"I'd rather you stayed," Parker said. Her tone was locked into rich-girl drawl. "Please continue, Thing One."
Yes, Majesty. "It seems that Harry got mixed up in an insider-trading deal."
She looked back at her father, who was stroking his snake. "Oh, Harry."
"Let him finish," Harry said, not looking away from Apollo.
James shifted in his seat. "Harry made a sizable investment in a company on which he'd had inside information"
"I know what insider trading is," she said.
"and that was obviously unethical, but more to the point, the results weren't what the information promised." Okay, here came the hard part. "To cover the losses to investors, your father needed to, ah, liquidate certain assets."
She blinked, and James felt a pang of sympathy for her as realization dawned in her eyes. "Which assets, Harry?" she asked, her voice calm.
Harry looked at the python. "Your trust fund."
She looked at her hands, her mouth tight. "Granddad set that up for me."
"Well, I've been managing it most of your life," Harry snapped. There was a pause, and the grandfather clock in the corner ticked ominously. "Nicky's, too," Harry added in a softer voice.
James couldn't help but wince. It had to hurt, hearing your father had sold you down the river. Your kid, too.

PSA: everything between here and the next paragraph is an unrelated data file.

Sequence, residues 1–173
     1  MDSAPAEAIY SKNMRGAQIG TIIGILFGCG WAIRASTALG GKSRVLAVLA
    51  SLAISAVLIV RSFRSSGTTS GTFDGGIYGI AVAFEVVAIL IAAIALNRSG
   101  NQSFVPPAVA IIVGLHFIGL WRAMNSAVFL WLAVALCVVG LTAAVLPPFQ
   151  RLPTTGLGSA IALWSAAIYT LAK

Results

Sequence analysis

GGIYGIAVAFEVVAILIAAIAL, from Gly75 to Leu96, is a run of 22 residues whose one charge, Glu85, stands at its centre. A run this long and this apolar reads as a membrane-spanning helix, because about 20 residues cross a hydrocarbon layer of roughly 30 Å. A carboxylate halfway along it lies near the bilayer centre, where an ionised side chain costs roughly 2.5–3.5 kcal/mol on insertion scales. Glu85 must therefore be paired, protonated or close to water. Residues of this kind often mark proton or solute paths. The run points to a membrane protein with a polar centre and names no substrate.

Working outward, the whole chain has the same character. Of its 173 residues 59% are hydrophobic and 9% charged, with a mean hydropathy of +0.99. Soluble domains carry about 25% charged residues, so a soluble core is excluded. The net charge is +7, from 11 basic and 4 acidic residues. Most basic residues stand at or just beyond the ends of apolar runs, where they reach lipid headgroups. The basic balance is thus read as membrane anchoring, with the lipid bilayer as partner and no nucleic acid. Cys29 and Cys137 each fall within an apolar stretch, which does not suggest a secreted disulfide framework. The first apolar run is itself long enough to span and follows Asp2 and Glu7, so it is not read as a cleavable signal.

"You stole your grandson's trust fund, Harry?" Her voice was harsher now.
Harry's lips pressed together. "I'm the administrator of the Welles family trust, Parker, as you're well aware. I liquidated it temporarily."
"Liquidated it temporarily," Vernon echoed, smiling like an idiot. James had almost forgotten he was here.
"Yo!" came a voice. A shaggy-haired guy wearing overalls stood in the doorway. "Hey there, gang, sorry. Is this the Welles place?"
"It is," Harry said.
"It's awesome, man! Really nice! So, like, we're the movers? Gonna start in the game room, okay?"
"Billiard room," Harry muttered.
The mover laughed. "Totally! Colonel Mustard in the billiard room with the candlestick! Dude, is that a snake? Nice! Okay, better get going. This place is frickin' huge! See you later!"
Parker's mouth was open. "They're taking stuff already? I Wow, Harry. You don't mess around."
Her face was pale now, and James wished he could, well, make this easier for her somehow. "Parker, anything that you bought for you or Nicky or the house is yours. Everything else, I'm afraid, falls under Harry's assets, which the Feds have seized. The investigator is aware that you're living here, and you have a little time to, ah, pack."
"My God." She squeezed her little finger and glanced at her pal, who was frozen.
"It'll be okay," Lucy murmured automatically.
Harry cleared his throat. "Obviously, Parker, having these vultures pick over our belongings is not my choice. I'll get everything back."
"Really," she said faintly.
"Eventually. I'm a little
constrained for the immediate future."
"A little constrained indeed," Vernon said.
That was one word for it. James rubbed his forehead. Wicked headache coming on.
"So." Parker shook her head. "About my trust fund, and Nicky's. Don't you need my signature to just
empty it? There must be something left."
Nope. There was nothing, and Harry had only needed James himself to file the paperwork. Poor planning on her part, that was for sure. At any time since her eighteenth birthday, she could've taken full control of that money. When her son was born, same deal.